Buddhist Pure Land

Pure Land Buddhism is a broad branch of Mahayana Buddhism and currently one of the most popular traditions of Buddhism in East Asia. Included sites must be significant in the development of the "Buddhist Pure Land" philisophy of creating a pure land on Earth. Sites that are only associated with the Pure Land Buddhism sect are not sufficient.

Connected Sites

Site Rationale Link
Ancient Kyoto Rokuon-ji Temple complex - "The kinkaku-ji grounds were built according to descriptions of the Western Paradise of the Buddha Amida, intending to illustrate a harmony between heaven and earth. The largest islet in the pond represents the Japanese islands. The four stones forming a straight line in the pond near the pavilion are intended to represent sailboats anchored at night, bound for the Isle of Eternal Life in Chinese mythology." - wiki
Baekje Historic Areas “The presence of so many temples and pagodas in Baekje suggests a high level of political symbolism intended to show that the capital of Baekje was the ‘land of Buddha’ and that the sovereign power was so divine that religious authority transcended the actual world.” - Nomination File
Gyeongju "With the spread of Buddhism Mt. Namsan became the earthly representation of Sumeru, the heavenly mountain of the Buddhist lands." - AB Document
Hiraizumi "Hiraizumi - Temples, Gardens and Archaeological Sites Representing the Buddhist Pure Land comprises five sites, including the sacred Mount Kinkeisan. The realm was based on the cosmology of Pure Land Buddhism, which spread to Japan in the 8th century. It represented the pure land of Buddha that people aspire to after death, as well as peace of mind in this life." - AB Document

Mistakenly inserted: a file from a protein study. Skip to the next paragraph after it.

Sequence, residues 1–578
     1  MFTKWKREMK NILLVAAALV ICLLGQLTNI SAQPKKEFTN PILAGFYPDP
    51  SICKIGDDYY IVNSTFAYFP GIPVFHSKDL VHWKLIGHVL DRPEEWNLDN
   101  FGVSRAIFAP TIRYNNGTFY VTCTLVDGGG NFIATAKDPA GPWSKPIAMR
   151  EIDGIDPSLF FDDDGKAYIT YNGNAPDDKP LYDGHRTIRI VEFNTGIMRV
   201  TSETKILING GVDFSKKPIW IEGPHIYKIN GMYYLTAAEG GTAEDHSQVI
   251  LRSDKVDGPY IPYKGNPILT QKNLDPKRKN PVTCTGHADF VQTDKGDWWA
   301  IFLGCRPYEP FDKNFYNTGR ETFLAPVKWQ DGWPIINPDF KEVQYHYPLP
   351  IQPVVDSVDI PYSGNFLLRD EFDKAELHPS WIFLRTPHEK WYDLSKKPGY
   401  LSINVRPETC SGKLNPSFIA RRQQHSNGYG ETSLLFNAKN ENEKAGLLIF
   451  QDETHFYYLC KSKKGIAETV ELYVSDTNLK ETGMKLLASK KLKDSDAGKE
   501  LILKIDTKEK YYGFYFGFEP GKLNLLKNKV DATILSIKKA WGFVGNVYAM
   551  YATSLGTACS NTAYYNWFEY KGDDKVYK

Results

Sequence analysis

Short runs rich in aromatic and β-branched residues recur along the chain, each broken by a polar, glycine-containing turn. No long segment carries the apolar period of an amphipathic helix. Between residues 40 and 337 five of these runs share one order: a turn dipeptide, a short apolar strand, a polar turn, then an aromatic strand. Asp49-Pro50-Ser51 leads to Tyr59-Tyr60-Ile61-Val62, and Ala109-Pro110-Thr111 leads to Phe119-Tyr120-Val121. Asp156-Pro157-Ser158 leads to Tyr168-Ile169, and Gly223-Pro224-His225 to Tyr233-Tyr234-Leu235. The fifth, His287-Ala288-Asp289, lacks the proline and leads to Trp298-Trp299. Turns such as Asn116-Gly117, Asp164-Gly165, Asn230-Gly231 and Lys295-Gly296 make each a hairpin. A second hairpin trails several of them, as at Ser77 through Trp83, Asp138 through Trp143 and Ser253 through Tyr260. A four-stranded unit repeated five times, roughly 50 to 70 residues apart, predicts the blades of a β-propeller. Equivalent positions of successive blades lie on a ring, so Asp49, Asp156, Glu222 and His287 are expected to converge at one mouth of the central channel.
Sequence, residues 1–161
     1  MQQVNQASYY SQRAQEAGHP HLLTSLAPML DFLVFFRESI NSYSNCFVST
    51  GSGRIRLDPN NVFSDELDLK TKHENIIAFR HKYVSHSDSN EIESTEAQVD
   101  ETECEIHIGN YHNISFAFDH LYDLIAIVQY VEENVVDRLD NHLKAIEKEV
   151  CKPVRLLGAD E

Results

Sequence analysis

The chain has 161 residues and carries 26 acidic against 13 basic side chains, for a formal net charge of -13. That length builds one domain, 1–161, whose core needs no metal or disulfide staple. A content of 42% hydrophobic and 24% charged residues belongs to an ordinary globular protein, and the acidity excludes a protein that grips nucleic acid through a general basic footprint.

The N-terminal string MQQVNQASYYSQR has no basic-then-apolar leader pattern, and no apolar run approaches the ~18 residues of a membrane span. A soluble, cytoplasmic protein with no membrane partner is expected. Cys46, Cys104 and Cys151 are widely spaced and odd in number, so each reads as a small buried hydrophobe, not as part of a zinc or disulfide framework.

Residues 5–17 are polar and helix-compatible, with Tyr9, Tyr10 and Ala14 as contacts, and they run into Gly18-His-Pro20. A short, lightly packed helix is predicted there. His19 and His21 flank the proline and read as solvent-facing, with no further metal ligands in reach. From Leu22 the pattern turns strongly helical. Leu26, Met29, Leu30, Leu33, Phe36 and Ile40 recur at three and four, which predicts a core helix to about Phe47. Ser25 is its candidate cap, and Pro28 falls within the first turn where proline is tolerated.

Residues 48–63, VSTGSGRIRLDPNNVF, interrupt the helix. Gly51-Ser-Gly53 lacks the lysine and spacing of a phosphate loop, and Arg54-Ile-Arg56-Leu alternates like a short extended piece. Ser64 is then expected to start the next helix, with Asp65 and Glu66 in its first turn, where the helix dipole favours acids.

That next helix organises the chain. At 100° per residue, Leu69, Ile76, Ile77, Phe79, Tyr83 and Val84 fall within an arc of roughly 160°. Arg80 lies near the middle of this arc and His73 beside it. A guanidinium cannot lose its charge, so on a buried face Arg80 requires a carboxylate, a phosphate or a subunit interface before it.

Lushan National Park "The Donglin Temple (East Grove Temple), built by eminent monks in the Eastern Jin Dynasty, was the birthplace of the Jintu (Pure Earth) Sect of Buddhism." - AB document
Seokguram Grotto and Bulguksa Temple "The realization of Buddha Land in the mundance world was a long-cherished dream in Silla, and the people of Silla believed that their kingdom was this very land. Even the name, Bulguksa, indicates the great meaning it had to the people of Silla. It literally means Temple of Buddha Land. In other words, Bulguksa is a terrestrial paradise of the land of Buddha. They represent the terrestrial and the two celestial abodes: The Pure Land of Buddhism, that is, the terrestrial of Vairocana Buddha; the paradise of Amitabha Buddha; and the World of Endurance of Sakyamuni." - AB Document


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A connection should:

  1. Not be "self evident"
  2. Link at least 3 different sites
  3. Not duplicate or merely subdivide the "Category" assignment already identified on this site.
  4. Add some knowledge or insight (whether significant or trivial!) about WHS for the users of this site
  5. Be explained, with reference to a source